On a night when the women gymnasts were performing a "gala," a
figure skating-type exhibition that had as much to do with
Olympic competition as Snoopy on Ice does, some of their U.S.
sisters were playing real sports with real gusto for real
medals. The sports weren't particularly glamorous and were poor
showcases for the little-girl look the Games have traditionally
favored (no teddy bears here). But you know what? They were more
popular than anyone had a right to expect.
Women's softball--like women's volleyball and women's soccer and
women's basketball--took these Olympics by storm. Scalpers were
getting $300 a seat for the gold medal softball game between the
U.S. and China in 8,500-seat Golden Park, and throughout the
tournament the U.S. games were sellouts. Although these Games
were supposed to herald a sea change in the image of women
athletes, especially in team sports, few could have predicted
that athletes such as Dot Richardson and Lisa Fernandez would
become as recognizable as Tom Dolan and Mark Henry.
These softballers play a game that is totally different from the
Thursday night beer blasts that most men are familiar with. An
underhand pitch from Michelle Granger, just as an example, can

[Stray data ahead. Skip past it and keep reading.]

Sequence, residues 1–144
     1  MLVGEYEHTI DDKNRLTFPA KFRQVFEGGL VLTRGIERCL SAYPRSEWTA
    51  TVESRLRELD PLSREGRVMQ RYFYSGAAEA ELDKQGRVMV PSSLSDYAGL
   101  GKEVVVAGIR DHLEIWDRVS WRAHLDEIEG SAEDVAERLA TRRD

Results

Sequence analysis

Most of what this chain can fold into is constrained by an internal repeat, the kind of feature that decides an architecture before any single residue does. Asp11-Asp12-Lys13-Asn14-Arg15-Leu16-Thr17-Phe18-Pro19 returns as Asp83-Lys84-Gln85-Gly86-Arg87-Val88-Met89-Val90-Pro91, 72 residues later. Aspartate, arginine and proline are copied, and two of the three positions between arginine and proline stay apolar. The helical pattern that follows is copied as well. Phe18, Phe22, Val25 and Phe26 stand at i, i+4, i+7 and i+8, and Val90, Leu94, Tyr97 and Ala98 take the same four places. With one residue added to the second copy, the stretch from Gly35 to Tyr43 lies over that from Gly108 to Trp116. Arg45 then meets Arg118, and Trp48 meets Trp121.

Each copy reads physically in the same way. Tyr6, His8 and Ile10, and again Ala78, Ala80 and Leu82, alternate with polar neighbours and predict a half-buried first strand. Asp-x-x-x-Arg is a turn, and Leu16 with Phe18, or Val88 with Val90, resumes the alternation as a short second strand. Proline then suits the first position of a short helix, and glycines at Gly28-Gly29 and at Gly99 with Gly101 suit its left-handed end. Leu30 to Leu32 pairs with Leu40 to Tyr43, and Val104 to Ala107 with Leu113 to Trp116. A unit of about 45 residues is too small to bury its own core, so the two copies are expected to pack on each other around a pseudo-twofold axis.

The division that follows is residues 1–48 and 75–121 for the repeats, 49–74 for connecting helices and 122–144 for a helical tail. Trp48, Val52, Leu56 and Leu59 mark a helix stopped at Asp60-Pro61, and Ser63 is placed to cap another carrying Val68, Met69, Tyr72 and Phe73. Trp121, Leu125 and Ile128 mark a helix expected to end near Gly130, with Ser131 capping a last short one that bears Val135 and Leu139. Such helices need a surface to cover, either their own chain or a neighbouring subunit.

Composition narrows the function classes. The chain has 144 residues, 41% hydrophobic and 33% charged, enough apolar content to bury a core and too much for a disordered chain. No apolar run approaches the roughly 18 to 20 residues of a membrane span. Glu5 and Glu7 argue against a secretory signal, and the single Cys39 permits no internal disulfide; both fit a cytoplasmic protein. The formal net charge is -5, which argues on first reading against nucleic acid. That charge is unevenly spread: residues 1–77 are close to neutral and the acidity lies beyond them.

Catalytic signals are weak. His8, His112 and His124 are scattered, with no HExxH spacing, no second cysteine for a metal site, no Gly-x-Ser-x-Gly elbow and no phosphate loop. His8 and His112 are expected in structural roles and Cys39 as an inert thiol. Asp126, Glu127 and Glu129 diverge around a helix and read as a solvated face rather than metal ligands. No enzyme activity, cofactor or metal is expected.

reach 73 miles per hour. And a home run by Richardson, a
34-year-old orthopedic resident who spent her Olympic downtime
assisting in knee and shoulder surgeries, travels just as far as
most men's--and more often.
The U.S. supremacy in softball going into the Olympics was a
well-kept secret: How many of us knew that the team had a
10-year record of 110-1 in international competition? Still, a
win against China, the last team to beat the U.S. before the
Games, was not a foregone conclusion. Though the U.S. had beaten
China twice in the tournament, it had also been upset by
Australia. And this finale was close and controversial. Looking
at replays of catcher Gillian Boxx's third-inning tag at the
plate (safe or out?) and Richardson's homer (fair or foul?)
might give the Chinese doubts about who's really the best. But
with the tournament dominated by the U.S., few others would
suggest their 3-1 win was not conclusive.
August 4, 1996
Anyway, the whole thing was an eye-opener. And you can bet that
the next time there's an Olympic gold medal softball game, it'll
be in a larger stadium.